• Tereza

      Hey Dave,

      Your question was directed at Jerry and no doubt he’ll have something more illuminating to say.

      But FWIW i have 2c to pitch in here. Last summer I read Keith Ferrazzi’s “Who’s Got your Back” and it made a really huge difference for me. He says create your own personal informal “board of advisors”, people who have successfully achieved what you want to achieve and also that care about you. Maybe 2-4 people. Try to select ones who are strong in various areas of your own vulnerability, or key areas you want/need to grow. Select them judiciously. You need to genuinely like each other.

      Try to meet with each one at least quarterly, and phone them as you need. They should know very well what you want to achieve and want to help you get there. But also you need to be clear that if they see you doing something patently wrong, they should tell you.

      I picked a bunch of serial entrepreneurs. They are about Yes. This helped me break through a wall. Before, I was focusing on VCs, and they are predominantly in the business of saying No all day long. It was a buzzkill. Oh, and incidentally, a lot of those serial entrepreneurs do angel investing. So you may be unwittingly convincing them to put in some seed capital, when they observe over time how amazing you are.

      So what your “board’ tells you should carry more weight than your average joe or the naysayers.

      No doubt Coach Colonna will have something very wise to say. But that’s my peer-to-peer from-the-trenches report.

      • davearkoosh


        That sounds like a great model, and I will take a look at “Who’s Got Your Back.” I like the idea of having honest advisors, but also ones who can help you break through walls instead of merely casting knee-jerk judgment on a plan, which is usually in the negative.

        Thanks for the constructive feedback!

        • Tereza

          Hey Dave if you want i can mail you my copy. I don’t need it anymore. if you email me at tnemessanyi (at) gmail (dot) com with your address, i’ll send it to you. Feel free to keep it or pass it on from there. trying to reduce my # of objects.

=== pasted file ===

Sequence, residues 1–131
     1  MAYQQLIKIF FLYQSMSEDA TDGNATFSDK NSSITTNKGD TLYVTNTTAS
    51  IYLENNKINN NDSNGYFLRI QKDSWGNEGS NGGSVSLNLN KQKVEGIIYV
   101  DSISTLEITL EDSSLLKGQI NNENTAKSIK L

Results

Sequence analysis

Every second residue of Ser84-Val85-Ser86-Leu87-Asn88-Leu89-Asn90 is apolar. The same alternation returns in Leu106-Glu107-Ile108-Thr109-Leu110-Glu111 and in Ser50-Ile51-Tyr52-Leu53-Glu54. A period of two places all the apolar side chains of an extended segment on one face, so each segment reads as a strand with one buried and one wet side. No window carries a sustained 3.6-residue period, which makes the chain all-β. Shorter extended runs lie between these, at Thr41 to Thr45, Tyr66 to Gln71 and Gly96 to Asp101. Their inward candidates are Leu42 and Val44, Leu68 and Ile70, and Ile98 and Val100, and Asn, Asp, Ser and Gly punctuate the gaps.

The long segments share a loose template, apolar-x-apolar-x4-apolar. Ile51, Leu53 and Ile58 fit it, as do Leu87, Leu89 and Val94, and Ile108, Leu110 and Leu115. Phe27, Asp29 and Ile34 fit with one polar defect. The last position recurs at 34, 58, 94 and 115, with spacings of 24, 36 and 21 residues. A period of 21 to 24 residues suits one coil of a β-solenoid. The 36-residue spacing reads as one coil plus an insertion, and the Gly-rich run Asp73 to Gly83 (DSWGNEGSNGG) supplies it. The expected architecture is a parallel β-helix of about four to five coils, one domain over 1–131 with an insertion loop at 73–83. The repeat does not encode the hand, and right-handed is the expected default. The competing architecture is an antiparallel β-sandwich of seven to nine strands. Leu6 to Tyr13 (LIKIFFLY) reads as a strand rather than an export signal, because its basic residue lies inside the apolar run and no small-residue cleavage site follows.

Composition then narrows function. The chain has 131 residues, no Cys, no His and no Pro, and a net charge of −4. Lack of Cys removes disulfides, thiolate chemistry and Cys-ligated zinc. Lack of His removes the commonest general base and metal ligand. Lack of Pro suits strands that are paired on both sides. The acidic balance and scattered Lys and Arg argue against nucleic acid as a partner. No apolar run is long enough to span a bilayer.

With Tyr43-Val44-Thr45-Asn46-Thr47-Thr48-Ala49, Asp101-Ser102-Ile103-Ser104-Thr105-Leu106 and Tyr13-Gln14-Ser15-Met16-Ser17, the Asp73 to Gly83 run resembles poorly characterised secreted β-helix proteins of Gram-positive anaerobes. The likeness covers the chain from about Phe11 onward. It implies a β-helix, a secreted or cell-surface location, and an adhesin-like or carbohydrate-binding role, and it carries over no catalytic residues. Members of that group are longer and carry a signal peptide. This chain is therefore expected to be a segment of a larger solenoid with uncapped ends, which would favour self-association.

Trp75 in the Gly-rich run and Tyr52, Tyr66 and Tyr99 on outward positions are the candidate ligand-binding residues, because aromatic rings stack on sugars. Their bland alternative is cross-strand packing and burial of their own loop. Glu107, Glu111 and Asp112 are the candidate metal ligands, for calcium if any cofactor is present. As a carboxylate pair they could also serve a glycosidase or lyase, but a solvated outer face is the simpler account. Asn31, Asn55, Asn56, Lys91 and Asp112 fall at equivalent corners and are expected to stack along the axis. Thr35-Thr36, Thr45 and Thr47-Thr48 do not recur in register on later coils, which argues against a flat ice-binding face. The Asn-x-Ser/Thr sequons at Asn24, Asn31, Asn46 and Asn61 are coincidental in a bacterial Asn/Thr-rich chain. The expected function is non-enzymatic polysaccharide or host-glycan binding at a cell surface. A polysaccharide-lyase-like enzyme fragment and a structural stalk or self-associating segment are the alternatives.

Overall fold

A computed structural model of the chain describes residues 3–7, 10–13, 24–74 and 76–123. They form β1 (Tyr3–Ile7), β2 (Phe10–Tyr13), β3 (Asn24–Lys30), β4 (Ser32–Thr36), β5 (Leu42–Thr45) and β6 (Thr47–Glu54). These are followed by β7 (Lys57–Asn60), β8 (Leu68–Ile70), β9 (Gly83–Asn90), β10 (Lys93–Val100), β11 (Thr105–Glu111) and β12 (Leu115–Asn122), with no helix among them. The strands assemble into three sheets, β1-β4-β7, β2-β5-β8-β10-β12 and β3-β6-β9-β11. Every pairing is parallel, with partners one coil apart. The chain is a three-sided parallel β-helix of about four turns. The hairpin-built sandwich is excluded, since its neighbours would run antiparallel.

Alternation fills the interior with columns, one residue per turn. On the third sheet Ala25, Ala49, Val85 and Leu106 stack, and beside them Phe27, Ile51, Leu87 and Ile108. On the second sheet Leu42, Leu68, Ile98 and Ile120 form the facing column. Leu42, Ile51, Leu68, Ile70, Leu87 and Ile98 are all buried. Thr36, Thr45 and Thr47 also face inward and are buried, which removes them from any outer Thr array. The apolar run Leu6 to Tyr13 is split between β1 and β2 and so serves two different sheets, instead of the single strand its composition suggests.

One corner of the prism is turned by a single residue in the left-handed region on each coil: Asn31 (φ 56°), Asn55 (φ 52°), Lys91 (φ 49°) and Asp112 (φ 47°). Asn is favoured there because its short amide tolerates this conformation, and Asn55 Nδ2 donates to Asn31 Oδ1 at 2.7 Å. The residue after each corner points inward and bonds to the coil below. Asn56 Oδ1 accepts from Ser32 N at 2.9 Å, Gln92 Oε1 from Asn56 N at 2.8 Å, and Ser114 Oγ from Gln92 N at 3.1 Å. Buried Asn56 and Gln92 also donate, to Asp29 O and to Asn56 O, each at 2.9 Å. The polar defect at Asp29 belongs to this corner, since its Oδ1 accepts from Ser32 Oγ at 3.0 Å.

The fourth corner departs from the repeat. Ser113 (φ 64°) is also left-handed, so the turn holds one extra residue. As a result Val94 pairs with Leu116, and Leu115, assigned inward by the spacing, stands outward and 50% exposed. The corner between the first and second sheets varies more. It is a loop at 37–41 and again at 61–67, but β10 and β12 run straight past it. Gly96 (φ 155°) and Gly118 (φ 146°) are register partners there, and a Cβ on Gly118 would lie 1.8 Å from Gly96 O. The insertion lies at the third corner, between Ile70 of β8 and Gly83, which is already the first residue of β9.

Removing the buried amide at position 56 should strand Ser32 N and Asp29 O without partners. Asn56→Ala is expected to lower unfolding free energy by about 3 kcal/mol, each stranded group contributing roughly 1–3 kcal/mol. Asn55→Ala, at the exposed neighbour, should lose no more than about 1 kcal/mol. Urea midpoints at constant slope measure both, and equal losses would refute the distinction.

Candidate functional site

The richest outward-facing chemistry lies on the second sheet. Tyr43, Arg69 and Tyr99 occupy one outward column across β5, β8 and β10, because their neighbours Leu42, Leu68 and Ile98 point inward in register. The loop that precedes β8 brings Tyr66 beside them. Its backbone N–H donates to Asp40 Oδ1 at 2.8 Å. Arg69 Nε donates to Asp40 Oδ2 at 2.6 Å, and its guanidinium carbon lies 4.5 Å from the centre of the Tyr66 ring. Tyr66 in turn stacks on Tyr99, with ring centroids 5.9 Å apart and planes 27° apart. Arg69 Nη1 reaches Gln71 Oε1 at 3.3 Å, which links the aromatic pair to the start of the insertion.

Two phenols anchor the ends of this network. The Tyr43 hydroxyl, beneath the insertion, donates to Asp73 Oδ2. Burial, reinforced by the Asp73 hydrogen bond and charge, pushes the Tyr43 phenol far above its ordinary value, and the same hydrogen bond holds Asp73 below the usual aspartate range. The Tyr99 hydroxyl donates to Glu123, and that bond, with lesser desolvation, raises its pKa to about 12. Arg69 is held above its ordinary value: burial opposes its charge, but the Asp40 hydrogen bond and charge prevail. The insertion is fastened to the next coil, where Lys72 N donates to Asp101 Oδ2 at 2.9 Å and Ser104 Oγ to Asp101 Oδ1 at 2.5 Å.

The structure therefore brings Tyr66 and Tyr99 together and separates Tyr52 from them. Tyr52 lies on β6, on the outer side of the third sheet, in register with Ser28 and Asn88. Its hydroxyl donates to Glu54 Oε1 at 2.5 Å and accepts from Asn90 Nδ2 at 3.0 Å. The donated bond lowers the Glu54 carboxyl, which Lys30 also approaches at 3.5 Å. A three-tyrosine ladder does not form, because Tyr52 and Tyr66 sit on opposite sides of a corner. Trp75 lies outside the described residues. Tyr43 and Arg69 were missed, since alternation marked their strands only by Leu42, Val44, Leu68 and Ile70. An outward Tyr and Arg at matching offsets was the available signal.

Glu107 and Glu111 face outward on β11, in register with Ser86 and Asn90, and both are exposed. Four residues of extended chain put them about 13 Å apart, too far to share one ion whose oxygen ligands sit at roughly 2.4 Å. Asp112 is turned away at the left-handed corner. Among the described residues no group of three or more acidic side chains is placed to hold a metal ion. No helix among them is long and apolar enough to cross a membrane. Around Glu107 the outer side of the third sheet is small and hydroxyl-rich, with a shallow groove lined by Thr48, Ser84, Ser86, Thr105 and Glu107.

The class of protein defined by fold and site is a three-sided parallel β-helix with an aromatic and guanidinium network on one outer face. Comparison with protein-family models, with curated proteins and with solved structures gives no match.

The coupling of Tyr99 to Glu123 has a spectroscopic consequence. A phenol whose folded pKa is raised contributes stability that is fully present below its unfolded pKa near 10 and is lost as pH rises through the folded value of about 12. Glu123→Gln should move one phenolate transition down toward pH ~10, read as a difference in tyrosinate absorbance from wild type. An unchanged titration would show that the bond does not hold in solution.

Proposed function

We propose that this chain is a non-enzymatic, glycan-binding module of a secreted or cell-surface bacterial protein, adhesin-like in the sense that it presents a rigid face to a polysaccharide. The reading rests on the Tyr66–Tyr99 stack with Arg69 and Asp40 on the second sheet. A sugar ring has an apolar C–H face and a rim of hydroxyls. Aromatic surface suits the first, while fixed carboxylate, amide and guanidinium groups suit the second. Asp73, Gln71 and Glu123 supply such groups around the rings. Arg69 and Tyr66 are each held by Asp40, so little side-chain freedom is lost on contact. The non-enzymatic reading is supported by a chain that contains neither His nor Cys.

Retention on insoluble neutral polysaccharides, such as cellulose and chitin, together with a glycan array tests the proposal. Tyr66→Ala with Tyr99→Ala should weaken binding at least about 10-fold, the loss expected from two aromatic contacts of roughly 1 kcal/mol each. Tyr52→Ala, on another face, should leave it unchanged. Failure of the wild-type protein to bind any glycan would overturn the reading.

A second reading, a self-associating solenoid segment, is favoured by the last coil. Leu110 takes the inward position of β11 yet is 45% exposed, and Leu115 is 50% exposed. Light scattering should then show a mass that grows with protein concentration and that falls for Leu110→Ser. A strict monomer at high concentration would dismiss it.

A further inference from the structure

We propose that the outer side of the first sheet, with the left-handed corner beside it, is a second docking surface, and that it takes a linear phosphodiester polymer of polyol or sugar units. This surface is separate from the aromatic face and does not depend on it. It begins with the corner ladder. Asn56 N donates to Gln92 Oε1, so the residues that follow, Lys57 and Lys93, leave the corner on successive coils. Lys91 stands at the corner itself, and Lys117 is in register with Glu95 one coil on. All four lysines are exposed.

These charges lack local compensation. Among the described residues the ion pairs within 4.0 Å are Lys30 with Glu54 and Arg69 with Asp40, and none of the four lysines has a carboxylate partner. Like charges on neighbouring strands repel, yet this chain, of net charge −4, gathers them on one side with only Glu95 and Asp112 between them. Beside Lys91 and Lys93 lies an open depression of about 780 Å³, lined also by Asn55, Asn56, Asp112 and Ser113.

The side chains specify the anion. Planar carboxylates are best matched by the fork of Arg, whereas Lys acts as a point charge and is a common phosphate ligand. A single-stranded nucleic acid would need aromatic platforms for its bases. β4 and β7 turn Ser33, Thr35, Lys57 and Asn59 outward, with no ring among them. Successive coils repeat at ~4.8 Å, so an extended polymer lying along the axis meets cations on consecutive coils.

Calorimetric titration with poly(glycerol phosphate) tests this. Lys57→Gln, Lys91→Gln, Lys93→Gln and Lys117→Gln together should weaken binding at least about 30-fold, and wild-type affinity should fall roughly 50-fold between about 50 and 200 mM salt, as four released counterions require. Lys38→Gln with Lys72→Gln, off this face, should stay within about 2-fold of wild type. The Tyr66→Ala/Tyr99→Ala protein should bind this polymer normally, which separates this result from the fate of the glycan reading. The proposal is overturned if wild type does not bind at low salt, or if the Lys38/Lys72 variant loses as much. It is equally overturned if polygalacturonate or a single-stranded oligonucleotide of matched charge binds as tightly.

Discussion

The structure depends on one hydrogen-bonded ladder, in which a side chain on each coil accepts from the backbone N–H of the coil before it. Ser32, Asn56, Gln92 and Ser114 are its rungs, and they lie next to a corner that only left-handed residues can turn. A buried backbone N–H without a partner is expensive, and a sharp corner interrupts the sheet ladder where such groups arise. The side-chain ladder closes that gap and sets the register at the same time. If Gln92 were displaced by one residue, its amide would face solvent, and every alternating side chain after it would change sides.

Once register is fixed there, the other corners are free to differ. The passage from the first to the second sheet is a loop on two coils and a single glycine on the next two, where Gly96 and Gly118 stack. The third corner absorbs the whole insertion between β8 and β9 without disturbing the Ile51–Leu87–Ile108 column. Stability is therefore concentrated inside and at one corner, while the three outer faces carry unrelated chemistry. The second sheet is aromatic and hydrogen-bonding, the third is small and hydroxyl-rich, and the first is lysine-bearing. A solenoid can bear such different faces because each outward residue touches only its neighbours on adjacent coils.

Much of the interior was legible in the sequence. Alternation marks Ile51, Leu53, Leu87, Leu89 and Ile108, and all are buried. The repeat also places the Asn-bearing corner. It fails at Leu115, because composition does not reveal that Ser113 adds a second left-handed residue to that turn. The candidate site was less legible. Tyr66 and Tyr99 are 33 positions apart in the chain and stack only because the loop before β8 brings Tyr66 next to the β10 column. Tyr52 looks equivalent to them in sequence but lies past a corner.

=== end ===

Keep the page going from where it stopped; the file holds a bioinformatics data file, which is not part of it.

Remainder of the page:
• Peter Cranstone

        Hi Dave,

        Just echoing what Tereza has to say. Advice is only as “good as the paper it’s written on”. Some of the best advice that I’ve ever had has always had a certain quality about it – it’s non judgmental and is lacking in agenda.

        I never forget my grandfather saying to me – “Peter my boy, wherever there’s a tip there’s a tap”. Meaning someone always has advice on something. The key is to figure out the “tap” because if you don’t experience will step in and teach you a wonderful lesson.

        One other lesson I learned was to view “the problem” like a large table. No one person (except the man upstairs) knows all the answers. Look for advisors that bring illumination to various parts of the table. Soon it will be well lit and you will be able to determine whether or not you should proceed. It’s always up to you to determine the validity of the “No”.

        • Tereza

          I love that table metaphor, Pete! Own the table, Dave — and decide who sits at it.

          And Pete, you sure do come out with one great comment after another. Wowzers.

        • davearkoosh

          The table metaphor is great! Now just to illuminate the table and not occupy the seats with those casting shadows of pessimism.

          Also, it seems to me that the “tap” is often the advice-giver’s own insecurity. The advice-seeker’s idea will never make it because the advice-giver isn’t on board or it wasn’t their brainchild to begin with. Sometimes it’s merely that insecurity or perhaps an artificial barrier to entry protecting their turf from new players.

          Thanks, Pete!

          • Peter Cranstone

            The table is a powerful metaphor. In the past I’m managed to surround it with all the wrong types of people. What I’ve learned (the monster in my head) is that I never believed enough in myself and was using/relying on others to fill my insecurity needs. (It’s not their job).

            The old adage is true – start with the end in mind. Then work backwards to fulfill the objective. You will meet people, they will have agendas (everyone does) – the “tip” is to find the agenda that most closely aligns (key word) with your vision.

            These people will help you succeed.

            When I started my latest venture I wrote down what I wanted to achieve. I still have that document – the first two items were the same… to help my partners be successful and to solve a significant customer problem. I’ve never altered my objectives, and as time moves forward I’m now meeting people who are really helping me to succeed.

            It all started with the definition of the table – after that comes a lot of patience and belief in that your doing the right thing.


          • Peter Cranstone

            I meant to say – the first two items are …. not the first two items are the same.

  • jchewitt

    Thanks for your honesty and courage, Jerry.

    I spent most of my morning thinking about it. The hardest thing for me in processing my relationship with my father has been separating the positive aspects from the negative ones. It was easiest for me to reject everything – to disown the part of me that he impacted. But that was immature, even if it was appropriate at the time.

    • jerrycolonna

      I know that struggle jchewitt. Don’t be so hard on yourself though. Seeing things as they are, accepting all the aspects of our legacy, is a process and takes time.

  • Craig Plunkett